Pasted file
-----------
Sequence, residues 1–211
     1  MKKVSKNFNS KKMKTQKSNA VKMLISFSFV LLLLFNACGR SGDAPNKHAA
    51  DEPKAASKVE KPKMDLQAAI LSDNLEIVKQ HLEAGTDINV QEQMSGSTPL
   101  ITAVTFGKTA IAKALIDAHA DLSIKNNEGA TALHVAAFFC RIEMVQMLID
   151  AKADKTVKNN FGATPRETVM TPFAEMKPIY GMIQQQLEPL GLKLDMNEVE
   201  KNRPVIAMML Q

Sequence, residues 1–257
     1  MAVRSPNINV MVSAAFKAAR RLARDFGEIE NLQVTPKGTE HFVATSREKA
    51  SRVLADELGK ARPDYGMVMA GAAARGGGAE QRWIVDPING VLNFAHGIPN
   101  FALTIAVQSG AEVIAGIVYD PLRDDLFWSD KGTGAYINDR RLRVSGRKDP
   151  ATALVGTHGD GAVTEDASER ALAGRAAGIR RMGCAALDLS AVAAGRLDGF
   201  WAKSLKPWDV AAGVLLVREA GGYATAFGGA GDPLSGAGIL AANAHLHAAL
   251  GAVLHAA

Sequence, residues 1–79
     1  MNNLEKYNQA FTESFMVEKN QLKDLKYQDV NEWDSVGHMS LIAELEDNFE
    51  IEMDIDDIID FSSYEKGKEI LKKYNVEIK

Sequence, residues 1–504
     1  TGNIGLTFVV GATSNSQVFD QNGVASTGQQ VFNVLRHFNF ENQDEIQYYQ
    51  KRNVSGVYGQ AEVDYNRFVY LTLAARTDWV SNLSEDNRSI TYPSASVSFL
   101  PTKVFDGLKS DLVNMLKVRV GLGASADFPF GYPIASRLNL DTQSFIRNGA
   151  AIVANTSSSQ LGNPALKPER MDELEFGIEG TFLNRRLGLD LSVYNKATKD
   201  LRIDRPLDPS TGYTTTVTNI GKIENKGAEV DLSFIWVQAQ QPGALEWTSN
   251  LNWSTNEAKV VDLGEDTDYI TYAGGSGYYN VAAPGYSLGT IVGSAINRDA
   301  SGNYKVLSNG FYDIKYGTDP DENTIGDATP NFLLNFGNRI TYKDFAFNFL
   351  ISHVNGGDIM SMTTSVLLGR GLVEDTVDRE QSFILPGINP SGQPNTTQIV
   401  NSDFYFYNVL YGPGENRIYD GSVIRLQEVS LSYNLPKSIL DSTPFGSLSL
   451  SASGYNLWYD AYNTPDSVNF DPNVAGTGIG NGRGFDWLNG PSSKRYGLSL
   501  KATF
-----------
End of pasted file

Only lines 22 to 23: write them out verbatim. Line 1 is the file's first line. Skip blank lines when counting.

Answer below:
   201  LRIDRPLDPS TGYTTTVTNI GKIENKGAEV DLSFIWVQAQ QPGALEWTSN
   251  LNWSTNEAKV VDLGEDTDYI TYAGGSGYYN VAAPGYSLGT IVGSAINRDA